What is a 5% Cap?
5% yearly increases are not for everyone!!!!!
A 5% increase will occur only when the "fair cash" value is greater than the "taxable fair cash" value. The statute reads "up to" 5% because not all properties "automatically" get a 5% increase. Some may receive 0%-4% depending on the difference in fair cash to taxable fair cash value. The 5% cap does not allow an Assessor to choose between 0%-5%, but to ensure property will not exceed a 5% increase unless it is sold, transferred, conveyed or new construction is added to the property.
There is a lot of discussion and interpretation of the 5% cap. The truth is the Assessors do not have any discretion in lowering the 5% cap on applicable properties. It would have to be lowered by legislation. Due to the confusion surrounding the 5% cap the Attorney General's office was asked for an opinion. In opinion #01-36, particularly paragraphs 18, 19, and 20-3a, the Assessor's limited use of the cap is clearly defined. In paragraph 20-6 it explains when a lower percentage would come in to play. It dictates we must raise the property less than 5% if such an increase is required to assess at fair cash value. This is the only provision for the cap to be less than 5%.
Please feel free to get this opinion and read it. The Attorney General's site is, www.oag.state.ok.us. Go to Opinions and find the one for the year 2001. You can also encourage your legislators, as I have, to support bills that lower the cap or give Assessors the discretion to lower it. If you have any questions we will be glad to answer them. Remember, we do not automatically raise "everyone" by 5% each year. It is only those accounts that have higher fair cash than taxable fair cash value that will go up and not always by 5% nor greater than 5%.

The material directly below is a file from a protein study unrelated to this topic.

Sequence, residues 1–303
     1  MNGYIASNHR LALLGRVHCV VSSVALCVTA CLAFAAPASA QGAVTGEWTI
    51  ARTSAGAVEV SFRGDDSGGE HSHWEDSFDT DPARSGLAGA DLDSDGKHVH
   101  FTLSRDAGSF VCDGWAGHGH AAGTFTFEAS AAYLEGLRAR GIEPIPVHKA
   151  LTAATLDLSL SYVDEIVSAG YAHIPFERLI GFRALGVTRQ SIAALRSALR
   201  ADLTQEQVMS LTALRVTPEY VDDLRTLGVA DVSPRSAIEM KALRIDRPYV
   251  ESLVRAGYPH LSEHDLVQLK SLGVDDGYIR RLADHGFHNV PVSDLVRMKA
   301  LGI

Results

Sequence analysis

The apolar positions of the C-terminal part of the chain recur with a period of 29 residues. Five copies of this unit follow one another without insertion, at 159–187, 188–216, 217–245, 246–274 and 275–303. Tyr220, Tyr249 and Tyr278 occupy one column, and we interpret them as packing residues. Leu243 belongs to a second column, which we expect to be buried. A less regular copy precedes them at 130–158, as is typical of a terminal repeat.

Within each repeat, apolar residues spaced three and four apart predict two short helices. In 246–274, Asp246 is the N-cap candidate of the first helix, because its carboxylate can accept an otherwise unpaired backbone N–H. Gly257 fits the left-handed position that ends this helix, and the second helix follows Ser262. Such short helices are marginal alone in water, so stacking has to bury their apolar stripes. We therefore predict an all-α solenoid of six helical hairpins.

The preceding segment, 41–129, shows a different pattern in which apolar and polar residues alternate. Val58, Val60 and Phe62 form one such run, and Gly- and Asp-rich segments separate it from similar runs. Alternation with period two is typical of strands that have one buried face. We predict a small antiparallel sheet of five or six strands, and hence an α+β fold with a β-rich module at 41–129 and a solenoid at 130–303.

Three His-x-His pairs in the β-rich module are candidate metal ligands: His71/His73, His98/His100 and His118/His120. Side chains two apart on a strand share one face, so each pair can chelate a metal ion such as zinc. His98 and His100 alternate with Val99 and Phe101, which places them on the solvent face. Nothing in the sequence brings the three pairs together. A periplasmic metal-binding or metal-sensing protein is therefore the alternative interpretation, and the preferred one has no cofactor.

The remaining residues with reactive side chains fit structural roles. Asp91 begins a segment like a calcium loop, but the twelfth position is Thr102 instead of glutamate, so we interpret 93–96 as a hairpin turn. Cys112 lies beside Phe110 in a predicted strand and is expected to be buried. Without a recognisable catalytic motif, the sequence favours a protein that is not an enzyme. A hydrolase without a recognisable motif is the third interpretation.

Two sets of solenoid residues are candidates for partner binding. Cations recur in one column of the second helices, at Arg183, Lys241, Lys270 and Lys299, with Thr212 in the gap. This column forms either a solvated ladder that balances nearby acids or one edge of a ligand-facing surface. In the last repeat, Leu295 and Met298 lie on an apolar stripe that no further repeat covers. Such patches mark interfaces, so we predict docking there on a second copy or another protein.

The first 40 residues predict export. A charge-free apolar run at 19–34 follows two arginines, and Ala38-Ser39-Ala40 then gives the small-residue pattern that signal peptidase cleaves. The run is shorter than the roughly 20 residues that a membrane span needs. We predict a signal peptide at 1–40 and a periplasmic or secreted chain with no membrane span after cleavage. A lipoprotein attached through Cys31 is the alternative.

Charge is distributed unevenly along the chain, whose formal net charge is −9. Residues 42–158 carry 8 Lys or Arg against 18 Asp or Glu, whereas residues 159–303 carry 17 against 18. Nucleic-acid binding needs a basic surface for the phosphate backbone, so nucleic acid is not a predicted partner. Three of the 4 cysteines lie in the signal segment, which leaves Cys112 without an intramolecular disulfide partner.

This office is audited by the Oklahoma Tax Commission for compliance with all tax commission rules and regulations and all legislation that pertains to Ad Valorem taxes. A yearly ratio study is done to be sure the Assessor's office is always in compliance with these studies. The Wagoner County Assessor's office has never been out of compliance with these studies. You may contact the Oklahoma Tax Commission, Ad Valorem Division, regarding the use of the 5% cap or any other questions you have on our proper use of rules, regulations and statutes. We might not always agree with the rules, but we are obligated to follow them.
"Fair cash value means the value or price at which a willing buyer would purchase property and a willing seller would sell property if both parties are knowledgeable about the property and its uses and if neither party is under an undue pressure to buy or sell and for real property shall mean the value for the highest and best use for which such property was actually used, or was previously classified for use, during the calendar year next preceding the applicable January 1 assessment date[.]" 68 O.S. Supp. 2000 S 2802 (18).
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